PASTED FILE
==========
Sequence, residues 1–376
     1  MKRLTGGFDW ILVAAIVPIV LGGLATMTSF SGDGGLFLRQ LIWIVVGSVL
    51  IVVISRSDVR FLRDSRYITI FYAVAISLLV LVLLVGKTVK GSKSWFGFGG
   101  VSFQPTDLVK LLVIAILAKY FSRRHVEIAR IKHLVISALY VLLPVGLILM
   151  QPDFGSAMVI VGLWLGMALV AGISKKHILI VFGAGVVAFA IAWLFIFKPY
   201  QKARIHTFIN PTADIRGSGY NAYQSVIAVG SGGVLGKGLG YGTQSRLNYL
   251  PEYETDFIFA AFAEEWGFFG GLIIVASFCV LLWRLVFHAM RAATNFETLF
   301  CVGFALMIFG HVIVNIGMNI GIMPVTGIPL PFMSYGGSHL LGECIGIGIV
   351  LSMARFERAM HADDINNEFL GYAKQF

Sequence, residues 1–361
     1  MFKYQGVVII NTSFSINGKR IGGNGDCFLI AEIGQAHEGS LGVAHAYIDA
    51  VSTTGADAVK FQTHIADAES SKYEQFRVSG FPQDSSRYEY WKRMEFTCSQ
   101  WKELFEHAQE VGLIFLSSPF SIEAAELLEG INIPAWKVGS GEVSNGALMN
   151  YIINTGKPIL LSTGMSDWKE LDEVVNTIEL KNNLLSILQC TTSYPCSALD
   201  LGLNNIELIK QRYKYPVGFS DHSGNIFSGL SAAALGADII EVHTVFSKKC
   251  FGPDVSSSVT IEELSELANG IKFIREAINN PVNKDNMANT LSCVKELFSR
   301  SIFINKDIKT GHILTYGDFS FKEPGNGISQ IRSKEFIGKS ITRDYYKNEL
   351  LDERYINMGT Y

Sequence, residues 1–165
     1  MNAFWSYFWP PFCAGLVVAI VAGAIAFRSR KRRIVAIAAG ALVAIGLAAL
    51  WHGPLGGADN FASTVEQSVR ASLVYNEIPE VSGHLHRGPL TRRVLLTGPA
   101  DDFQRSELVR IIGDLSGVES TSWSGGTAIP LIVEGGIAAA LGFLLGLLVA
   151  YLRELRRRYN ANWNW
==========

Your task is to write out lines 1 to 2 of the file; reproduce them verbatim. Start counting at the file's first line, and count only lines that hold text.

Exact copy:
Sequence, residues 1–376
     1  MKRLTGGFDW ILVAAIVPIV LGGLATMTSF SGDGGLFLRQ LIWIVVGSVL